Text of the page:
⦁ Make some new friends. One of the more exciting aspect of returning to school was who the “new kids” were. Finding out where they were from, what they like to do, what their favorite music was, and why they talked differently, was all part of your developing a social awareness that people were different. If you’re someone who finds it difficult to make new friends, new activities will acquaint you with people that you can size up for a while as you participate. Eventually, some of these same people will become friends in the same manner that your teammates did during high school athletics. No pressure, common activities and mutual interests can form the cornerstone of lifelong friendships.
⦁ Consider counseling, psychotherapy, or self-help activities. These activities are all too often associated with having problems or being “crazy.” They’re not exclusively for those going through some difficulties. They can be incredibly beneficial for everyone, giving us self-awareness, personal insight, and allowing us to come to terms with a lots of baggage that we all needlessly carry through life. I often compare this to looking under the hood of a car. Many of us superficially travel through life never taking a look at what drives us, motivates us, or inspires us. Looking under the hood occasionally is a good idea with any vehicle, including you.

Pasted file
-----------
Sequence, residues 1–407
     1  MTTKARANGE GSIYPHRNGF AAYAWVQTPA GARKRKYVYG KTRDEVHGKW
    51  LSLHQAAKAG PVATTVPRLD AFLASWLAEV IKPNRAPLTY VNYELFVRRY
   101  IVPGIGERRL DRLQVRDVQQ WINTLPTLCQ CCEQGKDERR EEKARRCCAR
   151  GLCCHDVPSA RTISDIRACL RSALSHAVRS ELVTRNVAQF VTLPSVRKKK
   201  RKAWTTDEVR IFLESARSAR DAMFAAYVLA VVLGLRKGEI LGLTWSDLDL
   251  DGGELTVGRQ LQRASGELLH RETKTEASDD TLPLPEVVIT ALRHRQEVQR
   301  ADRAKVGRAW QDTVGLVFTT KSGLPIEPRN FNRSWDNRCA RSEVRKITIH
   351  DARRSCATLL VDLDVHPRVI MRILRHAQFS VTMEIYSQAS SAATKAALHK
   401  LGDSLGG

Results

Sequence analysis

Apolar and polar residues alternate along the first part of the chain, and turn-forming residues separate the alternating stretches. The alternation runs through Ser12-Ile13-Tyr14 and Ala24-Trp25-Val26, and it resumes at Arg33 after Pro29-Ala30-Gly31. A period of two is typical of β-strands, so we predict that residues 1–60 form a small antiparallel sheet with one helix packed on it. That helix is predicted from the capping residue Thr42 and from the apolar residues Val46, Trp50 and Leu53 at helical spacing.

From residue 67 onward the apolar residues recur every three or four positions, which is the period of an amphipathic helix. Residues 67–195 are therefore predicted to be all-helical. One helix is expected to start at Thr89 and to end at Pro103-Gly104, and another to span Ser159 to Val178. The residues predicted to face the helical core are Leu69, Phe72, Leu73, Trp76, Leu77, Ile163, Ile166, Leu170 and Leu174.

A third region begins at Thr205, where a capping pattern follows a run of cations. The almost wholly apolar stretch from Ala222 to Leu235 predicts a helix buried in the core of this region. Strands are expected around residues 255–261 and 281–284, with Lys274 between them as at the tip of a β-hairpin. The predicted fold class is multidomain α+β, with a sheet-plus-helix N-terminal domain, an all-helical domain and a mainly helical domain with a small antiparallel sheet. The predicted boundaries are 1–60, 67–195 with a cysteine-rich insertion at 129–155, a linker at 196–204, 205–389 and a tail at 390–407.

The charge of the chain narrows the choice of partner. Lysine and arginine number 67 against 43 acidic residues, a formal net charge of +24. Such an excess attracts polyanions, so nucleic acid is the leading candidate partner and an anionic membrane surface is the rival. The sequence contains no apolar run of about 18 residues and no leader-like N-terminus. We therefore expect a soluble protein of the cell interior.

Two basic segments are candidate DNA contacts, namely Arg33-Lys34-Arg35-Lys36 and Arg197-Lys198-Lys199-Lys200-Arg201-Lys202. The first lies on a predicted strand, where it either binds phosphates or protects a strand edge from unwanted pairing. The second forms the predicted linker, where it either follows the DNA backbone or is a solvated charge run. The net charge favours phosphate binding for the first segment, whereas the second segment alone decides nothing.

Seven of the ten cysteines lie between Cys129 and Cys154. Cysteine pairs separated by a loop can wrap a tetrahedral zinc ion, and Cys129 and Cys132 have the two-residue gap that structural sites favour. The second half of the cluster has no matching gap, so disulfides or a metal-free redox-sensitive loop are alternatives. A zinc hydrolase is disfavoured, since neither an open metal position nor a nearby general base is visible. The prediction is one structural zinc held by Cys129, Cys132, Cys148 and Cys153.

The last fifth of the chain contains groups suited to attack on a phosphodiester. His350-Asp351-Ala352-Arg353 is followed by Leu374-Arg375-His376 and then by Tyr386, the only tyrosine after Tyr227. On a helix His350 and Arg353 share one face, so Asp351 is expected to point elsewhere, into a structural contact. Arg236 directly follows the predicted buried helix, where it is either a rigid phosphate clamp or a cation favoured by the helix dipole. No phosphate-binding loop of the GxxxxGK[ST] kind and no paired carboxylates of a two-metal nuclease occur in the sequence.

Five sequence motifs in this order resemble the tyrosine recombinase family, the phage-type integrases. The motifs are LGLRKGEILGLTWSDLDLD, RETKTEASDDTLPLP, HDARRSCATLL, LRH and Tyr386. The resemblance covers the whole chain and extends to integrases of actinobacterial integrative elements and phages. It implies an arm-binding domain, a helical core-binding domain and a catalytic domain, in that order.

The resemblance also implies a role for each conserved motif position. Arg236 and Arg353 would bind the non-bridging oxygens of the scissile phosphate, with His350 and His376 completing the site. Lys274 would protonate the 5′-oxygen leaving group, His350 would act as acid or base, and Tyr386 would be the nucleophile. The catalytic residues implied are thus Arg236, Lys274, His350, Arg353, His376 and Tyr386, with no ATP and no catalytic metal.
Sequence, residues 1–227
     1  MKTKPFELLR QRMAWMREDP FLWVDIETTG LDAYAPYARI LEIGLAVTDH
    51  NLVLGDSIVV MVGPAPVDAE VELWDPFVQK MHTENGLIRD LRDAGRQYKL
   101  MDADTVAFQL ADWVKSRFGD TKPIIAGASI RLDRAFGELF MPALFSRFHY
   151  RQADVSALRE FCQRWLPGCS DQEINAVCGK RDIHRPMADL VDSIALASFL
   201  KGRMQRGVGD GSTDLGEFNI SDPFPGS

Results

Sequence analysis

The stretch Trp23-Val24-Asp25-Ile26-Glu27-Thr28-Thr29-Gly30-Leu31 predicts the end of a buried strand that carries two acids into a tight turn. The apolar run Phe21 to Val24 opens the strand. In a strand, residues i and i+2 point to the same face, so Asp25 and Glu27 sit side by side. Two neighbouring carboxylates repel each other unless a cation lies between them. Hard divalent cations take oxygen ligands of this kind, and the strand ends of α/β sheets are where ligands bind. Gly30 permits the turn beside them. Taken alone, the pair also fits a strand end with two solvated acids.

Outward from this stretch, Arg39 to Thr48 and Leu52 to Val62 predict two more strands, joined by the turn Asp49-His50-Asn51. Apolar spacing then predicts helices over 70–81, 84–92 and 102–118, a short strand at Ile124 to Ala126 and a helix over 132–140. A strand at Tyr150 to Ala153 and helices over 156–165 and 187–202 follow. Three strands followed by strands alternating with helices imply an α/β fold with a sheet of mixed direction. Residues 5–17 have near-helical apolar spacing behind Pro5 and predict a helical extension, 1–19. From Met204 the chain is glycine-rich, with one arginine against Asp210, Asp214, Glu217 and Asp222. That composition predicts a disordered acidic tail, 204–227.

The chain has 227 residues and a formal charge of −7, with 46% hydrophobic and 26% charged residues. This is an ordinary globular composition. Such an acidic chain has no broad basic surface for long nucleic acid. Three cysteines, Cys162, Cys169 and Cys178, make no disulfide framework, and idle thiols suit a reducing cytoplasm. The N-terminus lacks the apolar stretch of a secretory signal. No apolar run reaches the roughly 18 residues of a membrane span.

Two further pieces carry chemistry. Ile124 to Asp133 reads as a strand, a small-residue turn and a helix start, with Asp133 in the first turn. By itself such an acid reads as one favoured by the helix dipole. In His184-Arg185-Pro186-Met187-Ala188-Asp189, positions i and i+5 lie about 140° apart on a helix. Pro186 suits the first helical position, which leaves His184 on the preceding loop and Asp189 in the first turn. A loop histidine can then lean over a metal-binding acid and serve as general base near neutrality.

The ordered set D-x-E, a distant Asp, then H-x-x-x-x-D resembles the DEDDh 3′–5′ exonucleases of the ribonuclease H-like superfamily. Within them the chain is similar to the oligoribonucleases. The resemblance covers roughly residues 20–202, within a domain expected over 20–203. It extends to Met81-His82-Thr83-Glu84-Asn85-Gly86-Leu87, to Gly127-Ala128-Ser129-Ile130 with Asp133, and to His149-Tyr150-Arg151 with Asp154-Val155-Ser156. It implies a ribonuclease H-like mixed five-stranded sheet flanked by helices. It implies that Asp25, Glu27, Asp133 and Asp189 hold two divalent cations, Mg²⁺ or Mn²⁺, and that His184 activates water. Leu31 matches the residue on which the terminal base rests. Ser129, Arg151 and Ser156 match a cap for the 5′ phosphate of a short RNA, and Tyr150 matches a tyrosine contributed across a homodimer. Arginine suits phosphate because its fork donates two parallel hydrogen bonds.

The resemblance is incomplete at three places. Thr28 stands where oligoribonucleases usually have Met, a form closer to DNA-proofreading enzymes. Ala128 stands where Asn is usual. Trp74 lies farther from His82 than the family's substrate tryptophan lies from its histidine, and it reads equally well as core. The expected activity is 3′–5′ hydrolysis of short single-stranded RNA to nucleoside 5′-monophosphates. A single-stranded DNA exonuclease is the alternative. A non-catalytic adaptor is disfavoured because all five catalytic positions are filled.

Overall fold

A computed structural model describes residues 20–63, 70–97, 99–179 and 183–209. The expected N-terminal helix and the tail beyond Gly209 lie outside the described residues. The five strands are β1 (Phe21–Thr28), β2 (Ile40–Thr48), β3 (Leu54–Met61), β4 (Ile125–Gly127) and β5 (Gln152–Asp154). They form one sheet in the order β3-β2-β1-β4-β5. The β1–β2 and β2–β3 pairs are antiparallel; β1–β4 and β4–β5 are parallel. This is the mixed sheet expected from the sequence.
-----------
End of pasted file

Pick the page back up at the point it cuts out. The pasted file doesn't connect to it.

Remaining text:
⦁ Explore what you believe for some of life’s ultimate questions. If you are a follower of an organized religion, don’t be afraid to question it. If you have no organized religion, then what do you believe? Having some healthy doubts about what you believe is what separates true faith from indoctrination. Being curious about these ultimate questions can make life more meaningful.
Whether you’re heading off to first grade, or heading into the autumn of your years, September can be the best season of your life. There’s no sense trying to fight it, embrace it, learn from it, and enjoy it. You just may find that this acceptance is what life is really about.
“Autumn is a second spring when every leaf is a flower.” – Albert Camus